In a supreme example of the grasping of straws, in the face of a gathering global warming storm, a breathless new report from California’s Lawrence Berkeley National Laboratory (Berkeley Lab) outlines an impressive-sounding story on China’s emissions for the next four decades. It sees Chinese consumers as hitting a wall of ‘maximum comfort’ – where they have sufficient fridges, TVs and electric toothbrushes in their just big enough homes – in a couple of decades. That will help to saturate the country’s energy demand by 2030. Throw in a few hundred nuclear power plants and some very optimistic energy-efficiency savings and – hey presto – China’s emission curve peaks and flattens between 2027 and 2033.
China’s emissions numbers matter big-time in the fight against global warming – it overtook the US as the main greenhouse gas polluter in 2007, approaching 8 billion metric tons of CO2 in 2009 – over 20% of the world’s total. Previous models have cast China – which is still undergoing a massive economic transformation – as heading towards 13 billion tons of CO2 per year by 2030, and continuing to grow afterwards. But the Berkeley Lab report sees a peak at between 10 and 12 billion metric tons of CO2 equivalent for China, after which its emissions decline considerably.
These new numbers are certainly a decided improvement on the projections seen from other analysts, who tend to base their forecasts of future greenhouse gas emissions on coarser economic models. In contrast, the Berkeley Lab report, ”China’s Energy and Carbon Emissions Outlook to 2050”- produced by its China Energy Group – is a four-year effort that involved detailed technological and economic mapping of energy use, down to the last fridge and air-con unit, as a society gets richer.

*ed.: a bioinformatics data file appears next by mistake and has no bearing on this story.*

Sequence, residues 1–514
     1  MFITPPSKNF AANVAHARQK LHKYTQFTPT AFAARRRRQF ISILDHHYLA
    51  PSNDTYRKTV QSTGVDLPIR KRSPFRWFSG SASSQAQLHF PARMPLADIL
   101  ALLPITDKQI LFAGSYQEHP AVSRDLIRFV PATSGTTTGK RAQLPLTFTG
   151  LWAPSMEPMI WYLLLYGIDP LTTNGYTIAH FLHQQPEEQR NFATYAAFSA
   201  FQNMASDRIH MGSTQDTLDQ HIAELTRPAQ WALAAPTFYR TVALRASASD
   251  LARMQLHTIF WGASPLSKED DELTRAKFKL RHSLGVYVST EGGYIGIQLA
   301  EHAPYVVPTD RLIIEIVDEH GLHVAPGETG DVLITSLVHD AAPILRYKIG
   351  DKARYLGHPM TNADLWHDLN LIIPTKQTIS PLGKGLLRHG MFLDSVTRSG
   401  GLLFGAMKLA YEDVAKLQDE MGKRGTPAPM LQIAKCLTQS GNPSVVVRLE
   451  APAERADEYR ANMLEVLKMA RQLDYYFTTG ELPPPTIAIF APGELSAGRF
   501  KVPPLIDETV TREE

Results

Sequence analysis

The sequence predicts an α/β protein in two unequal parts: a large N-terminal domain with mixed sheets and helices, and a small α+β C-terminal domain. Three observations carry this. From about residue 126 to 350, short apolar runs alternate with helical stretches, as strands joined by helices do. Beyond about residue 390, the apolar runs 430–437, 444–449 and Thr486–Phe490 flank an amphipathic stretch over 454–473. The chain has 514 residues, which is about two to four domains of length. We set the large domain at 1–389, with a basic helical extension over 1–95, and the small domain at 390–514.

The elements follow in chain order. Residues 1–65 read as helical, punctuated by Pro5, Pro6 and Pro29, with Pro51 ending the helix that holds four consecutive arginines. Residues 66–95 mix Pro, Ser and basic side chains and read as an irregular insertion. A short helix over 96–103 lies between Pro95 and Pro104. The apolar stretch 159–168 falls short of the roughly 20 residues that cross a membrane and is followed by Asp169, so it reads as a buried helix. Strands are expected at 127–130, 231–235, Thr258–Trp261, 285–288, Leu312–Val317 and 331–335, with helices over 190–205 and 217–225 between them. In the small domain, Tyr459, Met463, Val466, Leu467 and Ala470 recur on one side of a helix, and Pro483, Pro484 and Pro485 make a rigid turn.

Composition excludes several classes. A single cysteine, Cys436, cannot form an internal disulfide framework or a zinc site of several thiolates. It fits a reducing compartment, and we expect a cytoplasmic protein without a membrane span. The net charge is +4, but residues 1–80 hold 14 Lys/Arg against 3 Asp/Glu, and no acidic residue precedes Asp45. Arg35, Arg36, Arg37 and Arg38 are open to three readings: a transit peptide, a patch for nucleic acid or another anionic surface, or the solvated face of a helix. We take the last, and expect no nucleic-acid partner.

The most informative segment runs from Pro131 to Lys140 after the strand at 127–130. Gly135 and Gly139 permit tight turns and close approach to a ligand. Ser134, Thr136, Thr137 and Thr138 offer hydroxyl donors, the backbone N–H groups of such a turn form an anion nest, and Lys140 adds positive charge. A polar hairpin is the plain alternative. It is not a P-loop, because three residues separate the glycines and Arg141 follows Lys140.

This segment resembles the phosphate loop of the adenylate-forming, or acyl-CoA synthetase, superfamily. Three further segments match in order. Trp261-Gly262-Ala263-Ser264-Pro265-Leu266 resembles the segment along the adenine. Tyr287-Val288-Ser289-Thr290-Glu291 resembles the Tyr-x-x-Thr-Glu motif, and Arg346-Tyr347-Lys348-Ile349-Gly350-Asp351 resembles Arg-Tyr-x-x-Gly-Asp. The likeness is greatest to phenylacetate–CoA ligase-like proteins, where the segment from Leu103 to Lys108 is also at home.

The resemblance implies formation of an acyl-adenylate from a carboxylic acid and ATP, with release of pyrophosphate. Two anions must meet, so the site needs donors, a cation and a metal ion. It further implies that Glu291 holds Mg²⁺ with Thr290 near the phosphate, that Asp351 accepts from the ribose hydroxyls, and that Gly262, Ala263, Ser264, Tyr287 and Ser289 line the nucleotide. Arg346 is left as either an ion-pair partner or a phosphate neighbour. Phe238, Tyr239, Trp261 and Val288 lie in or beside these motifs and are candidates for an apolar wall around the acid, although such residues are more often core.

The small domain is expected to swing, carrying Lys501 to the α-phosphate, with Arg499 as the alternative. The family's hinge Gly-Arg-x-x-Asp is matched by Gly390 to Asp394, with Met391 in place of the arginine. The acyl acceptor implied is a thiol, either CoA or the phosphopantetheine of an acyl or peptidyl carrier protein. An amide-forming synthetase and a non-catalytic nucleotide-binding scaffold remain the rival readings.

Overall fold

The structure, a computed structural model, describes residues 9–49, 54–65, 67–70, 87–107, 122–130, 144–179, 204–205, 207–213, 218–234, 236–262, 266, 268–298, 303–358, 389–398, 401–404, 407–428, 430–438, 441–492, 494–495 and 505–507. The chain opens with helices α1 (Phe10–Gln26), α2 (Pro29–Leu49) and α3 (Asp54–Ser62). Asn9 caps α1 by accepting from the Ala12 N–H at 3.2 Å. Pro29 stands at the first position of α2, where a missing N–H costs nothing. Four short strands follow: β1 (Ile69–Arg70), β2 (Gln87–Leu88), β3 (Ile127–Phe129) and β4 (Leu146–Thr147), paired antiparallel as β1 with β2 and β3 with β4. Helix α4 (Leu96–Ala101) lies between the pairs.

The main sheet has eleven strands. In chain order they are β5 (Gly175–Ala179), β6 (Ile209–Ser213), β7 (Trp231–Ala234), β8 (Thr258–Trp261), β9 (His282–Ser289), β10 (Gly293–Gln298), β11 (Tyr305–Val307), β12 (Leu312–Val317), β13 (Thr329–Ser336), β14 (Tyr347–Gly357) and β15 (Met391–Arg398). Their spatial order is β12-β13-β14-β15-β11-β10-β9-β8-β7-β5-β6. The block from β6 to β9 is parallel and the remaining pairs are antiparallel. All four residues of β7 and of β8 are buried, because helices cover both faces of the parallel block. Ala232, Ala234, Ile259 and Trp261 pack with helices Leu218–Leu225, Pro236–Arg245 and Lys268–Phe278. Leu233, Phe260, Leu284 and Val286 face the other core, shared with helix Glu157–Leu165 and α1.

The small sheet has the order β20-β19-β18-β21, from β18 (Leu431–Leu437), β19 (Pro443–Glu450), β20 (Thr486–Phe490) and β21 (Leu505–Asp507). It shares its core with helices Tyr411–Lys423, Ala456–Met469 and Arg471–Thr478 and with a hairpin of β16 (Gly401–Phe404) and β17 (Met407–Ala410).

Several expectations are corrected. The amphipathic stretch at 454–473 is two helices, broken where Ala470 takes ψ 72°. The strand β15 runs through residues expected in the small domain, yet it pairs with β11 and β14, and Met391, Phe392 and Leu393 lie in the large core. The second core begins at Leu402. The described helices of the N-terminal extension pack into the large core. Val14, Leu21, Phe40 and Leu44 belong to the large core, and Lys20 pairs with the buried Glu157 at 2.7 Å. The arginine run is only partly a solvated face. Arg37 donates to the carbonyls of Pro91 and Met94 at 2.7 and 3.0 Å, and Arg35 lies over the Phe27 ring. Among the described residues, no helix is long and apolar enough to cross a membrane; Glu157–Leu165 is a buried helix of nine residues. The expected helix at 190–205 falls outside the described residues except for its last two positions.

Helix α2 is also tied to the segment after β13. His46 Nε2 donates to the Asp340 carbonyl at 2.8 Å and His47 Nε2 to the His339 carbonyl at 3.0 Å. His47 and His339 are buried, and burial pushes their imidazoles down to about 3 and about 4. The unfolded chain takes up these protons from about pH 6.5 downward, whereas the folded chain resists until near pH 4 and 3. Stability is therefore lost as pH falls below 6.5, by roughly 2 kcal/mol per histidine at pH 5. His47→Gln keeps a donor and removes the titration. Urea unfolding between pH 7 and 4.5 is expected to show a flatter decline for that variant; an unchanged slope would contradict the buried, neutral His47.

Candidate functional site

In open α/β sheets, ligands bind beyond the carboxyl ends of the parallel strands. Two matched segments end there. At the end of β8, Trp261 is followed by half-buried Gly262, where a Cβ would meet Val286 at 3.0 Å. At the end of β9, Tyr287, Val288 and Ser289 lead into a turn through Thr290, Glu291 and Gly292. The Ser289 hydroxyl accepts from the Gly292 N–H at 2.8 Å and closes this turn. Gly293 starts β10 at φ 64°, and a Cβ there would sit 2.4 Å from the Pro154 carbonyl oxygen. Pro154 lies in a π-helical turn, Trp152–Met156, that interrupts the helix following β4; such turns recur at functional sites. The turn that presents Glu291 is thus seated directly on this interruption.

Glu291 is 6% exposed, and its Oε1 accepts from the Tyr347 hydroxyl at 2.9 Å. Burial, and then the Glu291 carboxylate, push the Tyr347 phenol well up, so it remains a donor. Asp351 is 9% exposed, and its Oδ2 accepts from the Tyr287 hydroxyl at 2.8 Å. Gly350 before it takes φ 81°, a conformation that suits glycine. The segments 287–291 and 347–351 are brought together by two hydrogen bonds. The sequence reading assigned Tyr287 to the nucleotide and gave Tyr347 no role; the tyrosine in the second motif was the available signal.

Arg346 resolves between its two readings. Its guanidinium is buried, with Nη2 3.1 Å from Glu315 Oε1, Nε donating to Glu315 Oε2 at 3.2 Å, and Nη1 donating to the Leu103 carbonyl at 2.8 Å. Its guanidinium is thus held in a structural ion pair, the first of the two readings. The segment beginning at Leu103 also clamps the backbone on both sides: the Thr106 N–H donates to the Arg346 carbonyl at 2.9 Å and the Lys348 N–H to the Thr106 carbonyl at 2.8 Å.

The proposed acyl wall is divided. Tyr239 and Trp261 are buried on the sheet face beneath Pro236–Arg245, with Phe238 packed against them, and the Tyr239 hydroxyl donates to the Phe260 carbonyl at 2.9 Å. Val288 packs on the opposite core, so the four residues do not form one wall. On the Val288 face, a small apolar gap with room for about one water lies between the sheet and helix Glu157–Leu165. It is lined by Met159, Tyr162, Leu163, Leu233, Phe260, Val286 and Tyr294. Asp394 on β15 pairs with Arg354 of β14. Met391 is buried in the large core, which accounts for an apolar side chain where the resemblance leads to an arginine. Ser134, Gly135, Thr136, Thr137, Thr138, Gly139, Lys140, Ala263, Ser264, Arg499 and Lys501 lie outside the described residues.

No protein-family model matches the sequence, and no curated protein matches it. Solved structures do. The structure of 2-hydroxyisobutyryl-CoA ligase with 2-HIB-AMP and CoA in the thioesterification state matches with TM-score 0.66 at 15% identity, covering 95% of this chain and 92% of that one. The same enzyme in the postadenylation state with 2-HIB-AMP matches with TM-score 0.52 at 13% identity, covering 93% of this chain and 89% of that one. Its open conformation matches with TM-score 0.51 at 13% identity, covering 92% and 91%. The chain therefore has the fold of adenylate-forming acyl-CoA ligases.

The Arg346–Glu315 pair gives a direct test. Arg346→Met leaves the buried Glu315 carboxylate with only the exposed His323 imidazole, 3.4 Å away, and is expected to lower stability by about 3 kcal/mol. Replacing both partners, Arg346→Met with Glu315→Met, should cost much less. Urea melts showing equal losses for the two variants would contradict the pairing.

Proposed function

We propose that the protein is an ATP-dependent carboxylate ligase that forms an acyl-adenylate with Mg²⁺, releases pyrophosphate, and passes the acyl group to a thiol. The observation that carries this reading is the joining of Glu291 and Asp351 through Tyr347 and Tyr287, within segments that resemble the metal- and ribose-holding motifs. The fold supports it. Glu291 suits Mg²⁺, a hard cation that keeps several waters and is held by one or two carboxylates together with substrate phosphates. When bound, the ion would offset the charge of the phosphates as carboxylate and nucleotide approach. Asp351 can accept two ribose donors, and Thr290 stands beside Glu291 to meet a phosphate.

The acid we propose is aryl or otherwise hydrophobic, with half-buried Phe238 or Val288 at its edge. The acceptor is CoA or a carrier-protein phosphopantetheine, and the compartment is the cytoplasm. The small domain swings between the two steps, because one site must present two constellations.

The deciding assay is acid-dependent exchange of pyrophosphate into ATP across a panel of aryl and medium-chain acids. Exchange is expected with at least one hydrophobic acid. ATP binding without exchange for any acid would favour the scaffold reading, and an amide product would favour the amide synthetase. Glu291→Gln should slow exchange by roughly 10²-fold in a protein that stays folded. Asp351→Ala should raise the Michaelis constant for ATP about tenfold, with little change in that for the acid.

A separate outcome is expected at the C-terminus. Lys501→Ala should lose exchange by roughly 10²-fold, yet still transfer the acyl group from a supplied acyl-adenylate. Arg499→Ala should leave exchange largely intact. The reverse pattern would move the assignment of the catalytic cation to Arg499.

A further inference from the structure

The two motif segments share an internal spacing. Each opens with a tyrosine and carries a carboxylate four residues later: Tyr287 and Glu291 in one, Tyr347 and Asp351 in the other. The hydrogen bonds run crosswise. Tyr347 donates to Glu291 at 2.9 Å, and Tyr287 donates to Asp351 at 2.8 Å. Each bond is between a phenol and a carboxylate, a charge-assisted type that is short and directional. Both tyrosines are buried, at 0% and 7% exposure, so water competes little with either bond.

Co-author of the report, Mark Levine, sees the results in a positive light, saying ”I think this is very good news. There’s been a perception that China’s rising prosperity means runaway growth in energy consumption. Our study shows this won’t be the case.” But in its optimism, and no doubt well-founded confidence over an improved methodology, the report skips over an essential point in the greenhouse gas story.
Irrespective of whether the report’s assumptions of a huge ramp-up of nuclear power – from todays 8 gigawatts to 550 gigawatts by 2050 – are realistic, this report still has China’s emissions peaking a decade after 2020. And that is the critical pivot point. The IPCC believes that the world needs to halve CO2 emissions by 2050, if we are to avoid a climate-shattering temperature rise above 2°C. And that requires China to see its emissions peaking in 2020, as the IEA has already warned.
So even this rosy report will not see the planet dodge the global warming bullet. Perhaps it is time to challenge the need for the whole planet, including China, to have to ‘level up’ to the wasteful levels of consumption seen in the West. Maybe we all need to take our collective foot off of the economic overdrive pedal, if we are to avoid punishing levels of climate change.